Blog Post

Mitigating Climate Change in Ethiopia: Policies and Priorities

Ethiopia is in the midst of the worst drought in the past 40 years, with six consecutive failed or below-average rainy seasons in the country’s pastoral areas. At the same time, flooding in other regions has disrupted livelihoods and caused widespread damage to lands and infrastructure. Climate shocks like these have been a major contributing factor to Ethiopia’s recent economic reversals, says a new report from the World Bank Group, and strong government action is needed to prepare for and adapt to an uncertain climate future.

From 2004 to 2019, Ethiopia experienced impressive economic growth and poverty reduction. That progress has slowed in recent years, however. Compounding shocks, such as the COVID-19 pandemic, ongoing global and regional conflicts, rising global food and energy prices, climate change, and an increasingly fragile domestic macroeconomic situation, have reduced the country’s GDP growth to around 6 percent per year.

The report finds that the costs imposed by climate change will only continue to grow, and grow rapidly, to 2030 and beyond. Under the country’s current economic policies, which rely heavily on state-led investments and little to no structural reform, average annual losses to GDP and household consumption due to the impacts of climate change could be as high as 1.5 percent annually by 2030 and upwards of 5 percent annually beyond 2030. Cumulative economic losses, based on 2022 GDP, would range from 10-14 percent by 2030 and 20-30 percent in the 2040s.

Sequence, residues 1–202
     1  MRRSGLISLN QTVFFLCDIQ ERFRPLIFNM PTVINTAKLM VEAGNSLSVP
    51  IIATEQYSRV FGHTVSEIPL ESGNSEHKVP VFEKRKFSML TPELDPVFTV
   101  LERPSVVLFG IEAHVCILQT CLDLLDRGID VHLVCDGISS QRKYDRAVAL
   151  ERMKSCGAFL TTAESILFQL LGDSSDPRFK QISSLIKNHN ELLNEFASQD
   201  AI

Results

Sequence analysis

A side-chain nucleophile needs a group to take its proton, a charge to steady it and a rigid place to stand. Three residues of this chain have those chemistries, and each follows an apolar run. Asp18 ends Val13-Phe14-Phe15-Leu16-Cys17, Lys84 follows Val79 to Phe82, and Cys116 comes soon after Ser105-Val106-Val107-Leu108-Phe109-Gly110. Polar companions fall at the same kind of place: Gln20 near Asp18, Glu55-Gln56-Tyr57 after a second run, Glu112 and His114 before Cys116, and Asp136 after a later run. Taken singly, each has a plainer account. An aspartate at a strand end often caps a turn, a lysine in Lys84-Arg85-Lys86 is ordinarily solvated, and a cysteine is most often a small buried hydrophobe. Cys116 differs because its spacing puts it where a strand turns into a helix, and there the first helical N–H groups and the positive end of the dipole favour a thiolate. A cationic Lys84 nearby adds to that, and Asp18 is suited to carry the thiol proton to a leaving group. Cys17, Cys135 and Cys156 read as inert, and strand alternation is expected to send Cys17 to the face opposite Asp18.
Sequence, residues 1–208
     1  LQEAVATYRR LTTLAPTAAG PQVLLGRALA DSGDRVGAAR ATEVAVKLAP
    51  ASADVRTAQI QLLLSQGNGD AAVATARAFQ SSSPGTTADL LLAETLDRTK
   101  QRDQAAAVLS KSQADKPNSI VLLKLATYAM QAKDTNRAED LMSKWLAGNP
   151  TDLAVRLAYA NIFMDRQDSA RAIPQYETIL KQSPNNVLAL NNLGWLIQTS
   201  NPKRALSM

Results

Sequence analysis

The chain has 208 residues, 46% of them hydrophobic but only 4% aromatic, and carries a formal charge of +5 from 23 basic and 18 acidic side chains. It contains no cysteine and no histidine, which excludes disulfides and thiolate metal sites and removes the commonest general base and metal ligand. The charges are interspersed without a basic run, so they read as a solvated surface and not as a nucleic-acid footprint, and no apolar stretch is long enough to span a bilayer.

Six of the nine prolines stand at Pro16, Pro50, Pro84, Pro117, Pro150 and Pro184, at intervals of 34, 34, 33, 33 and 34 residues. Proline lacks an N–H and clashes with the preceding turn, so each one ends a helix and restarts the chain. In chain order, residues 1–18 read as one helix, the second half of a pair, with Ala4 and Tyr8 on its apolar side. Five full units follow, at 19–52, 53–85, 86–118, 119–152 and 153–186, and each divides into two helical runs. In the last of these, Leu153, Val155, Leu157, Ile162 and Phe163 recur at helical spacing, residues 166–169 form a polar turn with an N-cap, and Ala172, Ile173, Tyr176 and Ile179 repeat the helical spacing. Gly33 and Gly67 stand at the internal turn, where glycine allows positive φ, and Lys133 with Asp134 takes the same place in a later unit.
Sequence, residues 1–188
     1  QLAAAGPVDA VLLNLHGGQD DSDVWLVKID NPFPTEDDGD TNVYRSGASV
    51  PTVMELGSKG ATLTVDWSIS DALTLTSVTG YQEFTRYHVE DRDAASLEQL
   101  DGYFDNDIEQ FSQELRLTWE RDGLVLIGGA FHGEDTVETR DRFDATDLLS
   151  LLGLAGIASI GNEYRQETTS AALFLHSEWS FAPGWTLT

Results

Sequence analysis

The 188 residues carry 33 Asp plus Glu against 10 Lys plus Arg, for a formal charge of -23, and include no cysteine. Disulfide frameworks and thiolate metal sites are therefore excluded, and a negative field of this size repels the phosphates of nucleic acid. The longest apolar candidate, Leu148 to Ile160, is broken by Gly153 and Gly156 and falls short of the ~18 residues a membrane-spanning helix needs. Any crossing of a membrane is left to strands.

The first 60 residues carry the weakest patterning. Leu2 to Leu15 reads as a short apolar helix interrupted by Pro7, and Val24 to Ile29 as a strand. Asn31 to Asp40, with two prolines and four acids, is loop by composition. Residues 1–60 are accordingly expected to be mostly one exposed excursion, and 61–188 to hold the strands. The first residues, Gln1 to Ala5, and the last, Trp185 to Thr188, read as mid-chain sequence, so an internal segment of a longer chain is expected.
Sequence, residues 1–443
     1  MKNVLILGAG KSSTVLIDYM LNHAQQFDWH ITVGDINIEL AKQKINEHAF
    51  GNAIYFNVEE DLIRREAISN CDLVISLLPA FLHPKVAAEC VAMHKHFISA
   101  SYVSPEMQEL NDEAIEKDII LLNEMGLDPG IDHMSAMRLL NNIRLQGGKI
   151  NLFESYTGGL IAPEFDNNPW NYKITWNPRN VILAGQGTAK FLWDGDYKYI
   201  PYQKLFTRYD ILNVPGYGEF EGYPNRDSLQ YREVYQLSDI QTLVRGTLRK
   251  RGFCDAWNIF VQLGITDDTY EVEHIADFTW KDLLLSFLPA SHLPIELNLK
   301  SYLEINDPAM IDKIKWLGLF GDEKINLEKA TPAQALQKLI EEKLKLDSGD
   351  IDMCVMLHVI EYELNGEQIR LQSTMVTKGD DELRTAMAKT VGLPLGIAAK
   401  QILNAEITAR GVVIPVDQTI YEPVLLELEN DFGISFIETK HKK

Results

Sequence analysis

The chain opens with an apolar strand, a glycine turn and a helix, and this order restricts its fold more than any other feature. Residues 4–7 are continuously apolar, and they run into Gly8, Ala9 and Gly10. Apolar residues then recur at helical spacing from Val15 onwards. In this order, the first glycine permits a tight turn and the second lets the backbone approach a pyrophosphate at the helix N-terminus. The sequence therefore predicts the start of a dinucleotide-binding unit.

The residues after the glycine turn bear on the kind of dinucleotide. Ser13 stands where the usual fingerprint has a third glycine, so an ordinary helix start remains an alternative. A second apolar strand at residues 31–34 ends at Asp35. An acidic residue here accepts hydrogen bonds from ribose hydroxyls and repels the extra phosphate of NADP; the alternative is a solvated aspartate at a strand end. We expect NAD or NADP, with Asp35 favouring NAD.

Poverty will also continue to increase in the coming decades under the current policies—increasing by as much as 1.7 percentage point by 2050. This could mean an additional 3.7 million people living in poverty as a result of the impacts of climate change.

Those impacts will vary across regions and sectors, the report highlights. Land degradation and impacts to agriculture and livestock will be more severe in the country’s lowlands. Sectorally, the livestock sector will see much larger adverse impacts than the crop sector.

Structural reforms to agricultural policies could mitigate these impacts. In a scenario of structural reform, average annual losses in GDP and household consumption would be close to 1 percent by 2030. Such reforms could increase agricultural output even with climate change, reducing the country’s reliance on food imports by 2030 and even creating exportable surpluses of certain crops into the future. Structural reform would also reduce the cost of maintaining and repairing key infrastructure like roads and bridges by over one-sixth of the estimated US$755 million estimated between 2041-2050 under the current policy scenario.

Structural reform alone will not be enough, however, the report goes on to say. Investment in climate change adaptation strategies, decentralized and tailored to local contexts, will be needed to effectively increase Ethiopia’s resilience to climate change. Investing in sustainable water management, for example, could improve the country’s existing water storage systems and help populations better weather changes in precipitation patterns. Similarly, investments in agricultural research and development to focus on crop and livestock varieties that are more resilient to climate change could help protect those sectors for significant adverse impacts.

The report emphasizes the need for private sector actors—private businesses, farmers, and consumers—to be more empowered and educated to adopt effective climate change adaptation and mitigation strategies. Structural reform will be key in enabling the country’s private sector.

In addition, policies and programs need to be decentralized to allow local governments the flexibility to tailor and implement responses that meet their location’s unique climate needs.

Finally, Ethiopia will need to continue to strengthen its social safety net programs to help poor rural and urban households become more resilient to climate change.

Sara Gustafson is a freelance communications consultant.